Parents do sometimes put a lot of responsibilities onto teens. I think some parents do this because they know their teens can handle this. I however don't think its fair when parents are contradicting of what they originally say. I know teens can be confusing but parents can be just as confusing. Like teens they can mean one thing and say another. I defiantly experienced this as a adolescent but I also had a very rough time during this period. All most parents want is whats best for their children. They want them to succeed in the best way possible. In order to do that I think teens sometimes need clear cut rules guidelines and not have their parent or parents confusing them.

I say:
I think that year after year the responsibilities for teens are growing.  Not only do they have to be in school but they have to have great grades, they have to  go to college, they need a job, the worry about relationships, looks, weight, fashion, popularity, some need to support families, the list goes on and on.  Life is no longer simple and it is certainly not getting any easier for the next generation's teenagers.  

Friday, February 8, 2013

Vagina Monologues 2011

So I'm already planning on going to the Vagina Monologues on Friday February 15th at 7:00 in Gaige Hall.  But I remembered that the woman whom I got really attached to while I was in Hasbro Hospital the first time back in 2008 was in Vagina Monologues in 2011 (the show was fantastic) and I asked her if she had the clip so I could post it on my blog.

Patrick and Kerry had a son named Finnegan who had the room across the hall from me in the Intensive Care Unit while I was in Hasbro.  We had the same pediatrician so we got to know each other pretty quickly.  I like to say that I adopted Finn as my little brother and Kerry and Patrick as another set of parents.  

He was diagnosed with cystic fibrosis at birth but he was in remarkably good health until the bowel obstruction on Feb. 11, 2008.  He had cardiac arrest after his first surgery, and 5 more surgeries in the following 8 days, reducing the length of his small intestines by 2/3s.  He had also endured quite possibly every complication during his hospitalization,  

- several pneumonias- a trachaeostomy to improve range of motion while on a ventilator (which was the majority if the time) - a pseudoaneyurysm the size of a baseball on his femoral artery- a clot in the portal vein in his liver, resulting in high blood pressure- liver damage from long-term IV nutrition (compounded by his CF)- fairly regular finger pricks for blood sugar monitoring, and- occasional heavy sedation and withdrawals associated there with, anxiety, and depression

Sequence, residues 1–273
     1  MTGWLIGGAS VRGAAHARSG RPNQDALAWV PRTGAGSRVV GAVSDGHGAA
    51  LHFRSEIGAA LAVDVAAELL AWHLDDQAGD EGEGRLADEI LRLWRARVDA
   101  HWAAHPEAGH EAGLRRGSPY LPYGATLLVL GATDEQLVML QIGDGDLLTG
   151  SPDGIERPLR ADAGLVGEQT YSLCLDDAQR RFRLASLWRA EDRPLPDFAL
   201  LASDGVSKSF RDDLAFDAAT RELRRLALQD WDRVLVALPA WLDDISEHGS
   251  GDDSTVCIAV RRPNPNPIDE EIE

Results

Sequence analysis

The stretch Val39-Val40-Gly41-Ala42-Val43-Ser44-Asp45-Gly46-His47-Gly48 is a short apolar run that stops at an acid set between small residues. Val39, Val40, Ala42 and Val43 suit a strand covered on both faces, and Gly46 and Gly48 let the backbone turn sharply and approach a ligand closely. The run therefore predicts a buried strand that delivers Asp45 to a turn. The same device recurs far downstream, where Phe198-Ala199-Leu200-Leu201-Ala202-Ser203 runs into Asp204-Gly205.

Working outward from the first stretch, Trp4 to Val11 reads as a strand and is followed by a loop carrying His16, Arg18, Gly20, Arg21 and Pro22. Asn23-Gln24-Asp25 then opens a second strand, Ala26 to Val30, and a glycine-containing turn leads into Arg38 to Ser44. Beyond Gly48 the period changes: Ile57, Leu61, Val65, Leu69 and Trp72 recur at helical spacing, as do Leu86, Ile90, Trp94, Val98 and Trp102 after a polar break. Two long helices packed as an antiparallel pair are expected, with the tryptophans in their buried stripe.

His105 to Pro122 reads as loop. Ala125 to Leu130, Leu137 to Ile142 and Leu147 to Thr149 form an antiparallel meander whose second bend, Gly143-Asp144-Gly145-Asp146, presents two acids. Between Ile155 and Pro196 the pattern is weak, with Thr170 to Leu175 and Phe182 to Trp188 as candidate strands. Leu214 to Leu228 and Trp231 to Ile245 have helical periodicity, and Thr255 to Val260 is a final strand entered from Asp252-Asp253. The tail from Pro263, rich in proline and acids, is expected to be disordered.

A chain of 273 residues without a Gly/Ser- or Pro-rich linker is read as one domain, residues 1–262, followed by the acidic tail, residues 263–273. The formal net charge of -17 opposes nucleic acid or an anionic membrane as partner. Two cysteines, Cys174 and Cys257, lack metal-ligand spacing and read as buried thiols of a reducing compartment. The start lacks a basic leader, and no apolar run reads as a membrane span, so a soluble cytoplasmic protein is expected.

Finn passed away at the age of 5, on March 20, 2009.

Anyways here is her Vagina Monologue:

Wednesday, February 6, 2013

Say Yes To The Dress: Same-Sex Couples

So I'm not going to lie, I am totally addicted to Say Yes To The Dress and I remembered a comment made a few classes ago about them not having same-sex couples on the show and that's not entirely true.

And I know that they have done at least one other episode with an older same-sex couple who were looking for pant suits but since there is only one pant suit in the store, they ended up getting ball gowns.

So this is a tap on the glass that there are same-sex couples on these types on shows.

Tuesday, February 5, 2013

Reality of Disney Princesses

I found this clip floating around with the caption: The Reality Of Disney Princess

Sunday, February 3, 2013

Talking Point 2: Unlearning the Myths That Bind Us


I thought this was a really interesting piece by Linda Christensen and honestly afterwards my mind was all over the place.

Peter Pan:
I remember in high school talking about the scene in Peter Pan when Tinkerbell is standing on the mirror and consumed with herself, what is that teaching our children?

What else are we teaching kids with this movie?  That racism and prejudice towards others is ok?

Lesson Learned: Why do Native Americans ask you "how?" According to the song, it's because the Native American always thirsts for knowledge. OK, that's not so bad, we guess. What gives the Native Americans their distinctive coloring? The song says a long time ago, a Native American blushed red when he kissed a girl, and, as science dictates, it's been part of their race's genetic make up since. You see, there had to be some kind of event to change their skin from the normal, human color of "white."

Best (Worst?) Moment: 
It's a tie between Tiger Lilly's traditional Native American hussy dance, and the number of times Native American's misogynistic tendencies are played for laughs (hint: It's more than three!)
I was super excited when I read about Cinder-Elly by Frances Minters in the article this week.  My mom has been a teacher all her life and is on the Rhode Island Children's Book Award so her library of children's books has been growing for years, and in particular Cinderella books since I was born.  We have over 30 different versions in our library.  I grew up reading Cinder-Elly, it was personally one of my favorite versions.  
After reading this piece however, I went back to my mom however, and we pulled out all the "non-traditional" Cinderella and I was surprised how many there were.  Theres:

And Rodgers and Hammerstein's came out with a Cinderella with Brandi and an all African American cast, except the Prince who was Asian, which I also thought was worth mentioning:

Barbie: I was one of those girls that would rather play with Barbies than go outside and play.  And looking back on it I see that it was both good and bad.  My parents poured a ton of money into that industry unnecessarily.  I also look back and see that this is probably where a lot of girl's body image problems begin, and this picture shows us that:

Barbie stands about six feet tall with a 39" bust, 18" waist, and 33" hips. These are the supposed measurements of Barbie if she were a real person. She was built as a part of the first National Eating Disorder Awareness Week (NEDAW) at a high school.